It is also unkind. You will wound all those who love that person. You are not winning an argument; you are unleashing untrammelled meanness.
But the real problem with this kind of attack is that it has no utility. (Regular readers will know I am huge for utility.) The Education Secretary is highly unlikely to think: goodness, a person on Twitter thinks I am too hideous or unspeakable or otherwise vile to have had congress, therefore I must rethink my position on free schools at once.
No policy will be changed; no mind converted. All this kind of low barb achieves is an addition to the sum of human unhappiness.
I know all this sounds a bit joyless and po-faced. So much more fun to slash and burn rather than be reasoned and measured. Some people might even think it bloodless and mealy-mouthed. Self-censorship, they cry, their righteous flags of freedom of expression fluttering in the wind. But I stick with my mother, who advised me from a very young age to endeavour not to make personal remarks.
Private Eye, that most gleeful pricker of balloons, manages to have festivals of satirical fun without going for the straight mean. It will tease and mock; it is fierce in exposing acts of hypocrisy; it will squeeze the pompous and the foolish until the pips squeak. But it is much too clever to go for a low procreation slur. It wins arguments and casts light into shady corners precisely because it dances right up to the edge of the sharpest satire and the most antic lampoon, but rarely descends to pointless cruelty.
The unfenced prairies of the internet seem to invite odd levels of intemperance. Inhibitions are cast aside, consequences forgotten, lesser angels come out to dance. The problem is, once you are shouting madly like a saloon drunk, you convince no one of the brilliance of your insights, the rightness of your prescriptions, or the goodness of your heart. You are just shouting.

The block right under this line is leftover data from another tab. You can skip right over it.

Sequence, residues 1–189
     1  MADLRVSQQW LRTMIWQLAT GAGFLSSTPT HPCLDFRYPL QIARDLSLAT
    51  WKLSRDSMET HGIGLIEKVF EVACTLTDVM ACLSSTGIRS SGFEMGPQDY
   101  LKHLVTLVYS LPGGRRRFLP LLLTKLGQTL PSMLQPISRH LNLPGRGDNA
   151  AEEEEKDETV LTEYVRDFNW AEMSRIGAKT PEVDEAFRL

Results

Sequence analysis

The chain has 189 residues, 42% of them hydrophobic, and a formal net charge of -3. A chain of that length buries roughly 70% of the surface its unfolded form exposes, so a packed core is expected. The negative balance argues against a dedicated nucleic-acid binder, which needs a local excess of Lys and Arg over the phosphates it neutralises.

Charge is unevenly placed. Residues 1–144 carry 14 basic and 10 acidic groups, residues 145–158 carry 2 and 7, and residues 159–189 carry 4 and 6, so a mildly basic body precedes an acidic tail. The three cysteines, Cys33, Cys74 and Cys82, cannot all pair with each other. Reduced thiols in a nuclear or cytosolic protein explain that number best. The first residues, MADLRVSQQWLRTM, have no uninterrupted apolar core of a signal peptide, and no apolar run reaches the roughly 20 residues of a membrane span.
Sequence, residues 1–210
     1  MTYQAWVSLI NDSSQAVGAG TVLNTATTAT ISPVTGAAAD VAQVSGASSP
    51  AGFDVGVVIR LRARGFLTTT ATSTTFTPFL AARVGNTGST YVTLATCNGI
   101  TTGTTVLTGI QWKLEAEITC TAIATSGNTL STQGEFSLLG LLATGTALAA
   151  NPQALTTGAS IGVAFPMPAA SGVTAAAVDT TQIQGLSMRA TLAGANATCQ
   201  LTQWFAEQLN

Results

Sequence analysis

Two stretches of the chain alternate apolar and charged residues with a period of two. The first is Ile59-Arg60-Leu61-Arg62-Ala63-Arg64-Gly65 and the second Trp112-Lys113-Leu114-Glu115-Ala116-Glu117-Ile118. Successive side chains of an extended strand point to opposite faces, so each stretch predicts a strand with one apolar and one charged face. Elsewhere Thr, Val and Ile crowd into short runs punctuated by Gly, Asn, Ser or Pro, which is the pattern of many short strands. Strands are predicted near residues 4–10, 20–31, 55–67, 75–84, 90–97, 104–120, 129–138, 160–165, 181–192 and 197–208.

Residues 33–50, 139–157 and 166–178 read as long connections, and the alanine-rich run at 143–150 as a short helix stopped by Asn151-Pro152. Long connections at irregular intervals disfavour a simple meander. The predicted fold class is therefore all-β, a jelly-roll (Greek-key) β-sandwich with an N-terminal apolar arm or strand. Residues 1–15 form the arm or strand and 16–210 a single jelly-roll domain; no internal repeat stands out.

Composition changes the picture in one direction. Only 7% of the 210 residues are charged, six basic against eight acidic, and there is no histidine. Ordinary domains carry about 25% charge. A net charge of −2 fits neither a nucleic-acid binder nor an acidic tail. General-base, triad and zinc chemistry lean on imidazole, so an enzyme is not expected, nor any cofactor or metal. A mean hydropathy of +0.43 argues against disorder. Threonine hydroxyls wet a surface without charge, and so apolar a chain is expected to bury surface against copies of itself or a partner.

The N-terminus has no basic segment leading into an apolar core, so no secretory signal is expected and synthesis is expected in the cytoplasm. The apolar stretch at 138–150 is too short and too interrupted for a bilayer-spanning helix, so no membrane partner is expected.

After all that seriousness, today’s pictures feature a lot of soothing moss:
Red the Mare:
(We had a lovely ride this morning, in the first of the serious autumn frosts, going easily in just a rope halter under the dazzling sun.)
Pigeon with her never-fails yearny face on:
Hill with sheep:
Of course there must be a PS. As my finger hovers over the publish button, I feel the caveats coming on. Whenever I write something like this I am left with about eight-seven huge buts, or on the other hands, or but perhaps I should have looked it at this ways. Nervously, I edge onto the safety of the middle ground, which is why I would be useless as a columnist. The good columnist will wave big fat red flags; I rush around taking mine down in case they are too scarlet and wavy.
My angst here is that in arguing against ad hominem, I have almost committed it. I am so pathetic that I even removed the name of the Twitter person, because in some ways my argument is not a personal one with her. It is the phenomenon of injudicious insult that I regret.
At one point, I almost chucked the whole thing and did a nice horse post instead. But sod that for a game of soldiers. I know it’s insanely old-fashioned, and there are people who shall mock and sneer, but I really do believe that a little good manners costs nothing. I stand by my argument, even if I have not phrased it as elegantly and pithily as I would have liked.
People are people. Even those who seem the most robust may have fragile hearts. Attention should be paid.
Oh, and one more idiot PS:
I love Twitter. It’s because I do love it that I grow restive when the shouting starts. It is a tremendous medium in so many ways, and I wish, romantically, unrealistically, perhaps naively, that everyone would use its power for good instead of ill.
And now I really, really am stopping.